Man from Naples (1982) by Jean-Michel BasquiatGuggenheim Bilbao
This work was created in 1982, a particularly important moment in the career of Jean-Michel Basquiat, after his discovery as an artist, and before his period of maximum productivity.
Man from Naples is an essential work for understanding the development of Basquiat's painting during the 1980s.
In Man from Naples, the artist apparently regarded the entire surface of the canvas as a big blackboard where he could scribble and mix signs.
The title of the painting comes from a phrase written over the head of a red pig which, although surrounded by countless inscriptions, splashes of color, cross-outs, and elementary signs, dominates the composition like a totemic image.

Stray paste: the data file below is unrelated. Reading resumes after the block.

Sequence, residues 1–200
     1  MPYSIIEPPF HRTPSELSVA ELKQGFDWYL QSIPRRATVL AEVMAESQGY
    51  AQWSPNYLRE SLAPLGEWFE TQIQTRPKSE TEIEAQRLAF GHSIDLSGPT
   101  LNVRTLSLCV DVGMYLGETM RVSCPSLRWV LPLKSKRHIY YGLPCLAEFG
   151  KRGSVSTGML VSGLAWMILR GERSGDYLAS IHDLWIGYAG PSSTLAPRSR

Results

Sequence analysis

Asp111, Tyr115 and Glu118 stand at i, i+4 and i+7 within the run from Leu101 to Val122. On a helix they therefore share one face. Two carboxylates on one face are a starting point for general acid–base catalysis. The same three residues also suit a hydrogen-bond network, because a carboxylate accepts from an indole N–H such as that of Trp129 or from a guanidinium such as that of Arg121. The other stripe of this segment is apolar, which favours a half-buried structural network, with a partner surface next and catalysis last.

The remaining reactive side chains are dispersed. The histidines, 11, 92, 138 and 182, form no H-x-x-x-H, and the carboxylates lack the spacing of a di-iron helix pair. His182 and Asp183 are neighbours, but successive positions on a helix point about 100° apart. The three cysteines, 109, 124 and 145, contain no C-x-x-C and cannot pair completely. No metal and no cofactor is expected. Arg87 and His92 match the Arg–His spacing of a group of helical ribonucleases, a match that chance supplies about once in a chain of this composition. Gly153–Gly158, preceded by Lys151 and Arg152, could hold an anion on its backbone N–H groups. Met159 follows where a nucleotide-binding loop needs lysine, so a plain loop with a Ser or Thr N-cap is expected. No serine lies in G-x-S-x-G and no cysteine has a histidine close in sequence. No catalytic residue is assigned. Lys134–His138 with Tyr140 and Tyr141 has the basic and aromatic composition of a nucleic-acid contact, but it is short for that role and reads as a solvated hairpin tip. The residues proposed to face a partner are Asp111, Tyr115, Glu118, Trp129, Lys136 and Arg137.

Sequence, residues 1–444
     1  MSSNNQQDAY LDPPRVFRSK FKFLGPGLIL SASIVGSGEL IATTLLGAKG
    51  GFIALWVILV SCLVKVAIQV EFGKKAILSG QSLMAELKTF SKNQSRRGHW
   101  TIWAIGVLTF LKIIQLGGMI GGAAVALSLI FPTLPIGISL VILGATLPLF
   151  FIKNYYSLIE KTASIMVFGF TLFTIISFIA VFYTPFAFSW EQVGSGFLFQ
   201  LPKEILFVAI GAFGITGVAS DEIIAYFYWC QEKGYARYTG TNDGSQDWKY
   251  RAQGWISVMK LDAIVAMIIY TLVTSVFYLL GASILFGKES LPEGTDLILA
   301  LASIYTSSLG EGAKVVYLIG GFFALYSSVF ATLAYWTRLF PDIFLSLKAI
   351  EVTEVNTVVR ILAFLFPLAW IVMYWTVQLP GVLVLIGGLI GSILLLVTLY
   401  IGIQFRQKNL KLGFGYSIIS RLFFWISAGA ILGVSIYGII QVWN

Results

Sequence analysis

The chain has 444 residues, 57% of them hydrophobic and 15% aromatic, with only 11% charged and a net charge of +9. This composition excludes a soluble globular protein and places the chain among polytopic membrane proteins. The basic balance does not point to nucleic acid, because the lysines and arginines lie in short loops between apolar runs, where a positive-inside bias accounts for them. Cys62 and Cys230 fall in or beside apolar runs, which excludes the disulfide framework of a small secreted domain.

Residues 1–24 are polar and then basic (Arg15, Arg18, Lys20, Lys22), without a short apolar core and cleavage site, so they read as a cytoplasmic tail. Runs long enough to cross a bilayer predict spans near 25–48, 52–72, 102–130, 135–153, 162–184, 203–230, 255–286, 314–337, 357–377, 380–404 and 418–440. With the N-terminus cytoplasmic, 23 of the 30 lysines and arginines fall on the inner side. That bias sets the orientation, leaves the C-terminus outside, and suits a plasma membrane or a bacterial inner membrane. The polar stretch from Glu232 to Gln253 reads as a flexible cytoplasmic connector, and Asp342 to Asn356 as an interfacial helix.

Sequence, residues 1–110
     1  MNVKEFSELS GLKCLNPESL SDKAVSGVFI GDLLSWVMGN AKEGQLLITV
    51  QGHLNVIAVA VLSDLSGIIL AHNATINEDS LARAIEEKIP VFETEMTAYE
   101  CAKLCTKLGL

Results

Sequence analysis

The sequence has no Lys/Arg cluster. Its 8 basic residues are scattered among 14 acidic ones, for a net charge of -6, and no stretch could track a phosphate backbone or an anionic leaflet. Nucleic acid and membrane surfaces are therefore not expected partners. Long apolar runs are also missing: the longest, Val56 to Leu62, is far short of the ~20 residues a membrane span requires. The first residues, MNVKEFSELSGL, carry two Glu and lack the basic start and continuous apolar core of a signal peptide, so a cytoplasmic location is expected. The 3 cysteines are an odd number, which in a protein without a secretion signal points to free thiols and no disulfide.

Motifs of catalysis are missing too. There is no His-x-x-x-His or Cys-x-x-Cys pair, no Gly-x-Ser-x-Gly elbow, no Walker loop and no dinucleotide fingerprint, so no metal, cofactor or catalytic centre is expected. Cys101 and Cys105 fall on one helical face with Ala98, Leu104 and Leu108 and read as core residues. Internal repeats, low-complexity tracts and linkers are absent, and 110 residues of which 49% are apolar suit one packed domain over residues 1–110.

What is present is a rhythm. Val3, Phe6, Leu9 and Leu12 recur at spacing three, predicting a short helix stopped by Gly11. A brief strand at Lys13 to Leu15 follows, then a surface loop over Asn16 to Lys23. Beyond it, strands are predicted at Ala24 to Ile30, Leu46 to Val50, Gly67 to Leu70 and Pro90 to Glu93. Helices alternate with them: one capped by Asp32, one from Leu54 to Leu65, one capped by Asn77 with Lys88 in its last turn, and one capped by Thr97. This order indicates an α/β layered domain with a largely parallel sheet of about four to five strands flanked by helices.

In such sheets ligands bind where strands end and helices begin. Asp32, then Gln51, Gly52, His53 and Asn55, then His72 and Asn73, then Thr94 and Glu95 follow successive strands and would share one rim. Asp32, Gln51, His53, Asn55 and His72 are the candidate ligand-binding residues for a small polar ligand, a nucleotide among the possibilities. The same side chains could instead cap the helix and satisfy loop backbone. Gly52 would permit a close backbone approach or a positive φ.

Most of the pictorial surface is taken up by a chaotic jumble of scrawls, words, numbers, symbols, and colors. Humor, irony, and primitivism define this forceful, representative painting.
The resulting effect is that of a crowd of shouting, echoing, responding voices. The repetitions, variations, cross-outs, and spelling mistakes are reminiscent of graffiti.
Man from Naples was inspired by his visit to Italy in 1982 and reflects the artist’s feelings of resentment toward his wealthy Italian patron, whom he scornfully refers to as a “pork merchant” and other unflattering epithets.